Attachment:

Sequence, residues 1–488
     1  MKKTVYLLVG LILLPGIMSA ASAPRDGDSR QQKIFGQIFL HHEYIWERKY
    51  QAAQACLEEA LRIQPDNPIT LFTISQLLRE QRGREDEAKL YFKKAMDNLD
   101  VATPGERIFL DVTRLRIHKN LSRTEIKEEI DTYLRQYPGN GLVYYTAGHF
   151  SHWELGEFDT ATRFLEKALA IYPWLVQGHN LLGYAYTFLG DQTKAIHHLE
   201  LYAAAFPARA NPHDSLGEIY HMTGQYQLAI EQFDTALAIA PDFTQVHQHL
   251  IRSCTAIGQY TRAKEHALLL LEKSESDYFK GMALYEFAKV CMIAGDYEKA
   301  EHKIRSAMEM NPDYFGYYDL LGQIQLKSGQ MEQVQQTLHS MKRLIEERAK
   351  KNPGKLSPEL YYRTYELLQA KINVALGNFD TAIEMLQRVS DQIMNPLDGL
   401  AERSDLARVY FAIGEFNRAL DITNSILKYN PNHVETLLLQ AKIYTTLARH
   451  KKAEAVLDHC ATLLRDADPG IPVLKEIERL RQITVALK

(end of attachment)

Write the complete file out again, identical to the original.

Sequence, residues 1–488
     1  MKKTVYLLVG LILLPGIMSA ASAPRDGDSR QQKIFGQIFL HHEYIWERKY
    51  QAAQACLEEA LRIQPDNPIT LFTISQLLRE QRGREDEAKL YFKKAMDNLD
   101  VATPGERIFL DVTRLRIHKN LSRTEIKEEI DTYLRQYPGN GLVYYTAGHF
   151  SHWELGEFDT ATRFLEKALA IYPWLVQGHN LLGYAYTFLG DQTKAIHHLE
   201  LYAAAFPARA NPHDSLGEIY HMTGQYQLAI EQFDTALAIA PDFTQVHQHL
   251  IRSCTAIGQY TRAKEHALLL LEKSESDYFK GMALYEFAKV CMIAGDYEKA
   301  EHKIRSAMEM NPDYFGYYDL LGQIQLKSGQ MEQVQQTLHS MKRLIEERAK
   351  KNPGKLSPEL YYRTYELLQA KINVALGNFD TAIEMLQRVS DQIMNPLDGL
   401  AERSDLARVY FAIGEFNRAL DITNSILKYN PNHVETLLLQ AKIYTTLARH
   451  KKAEAVLDHC ATLLRDADPG IPVLKEIERL RQITVALK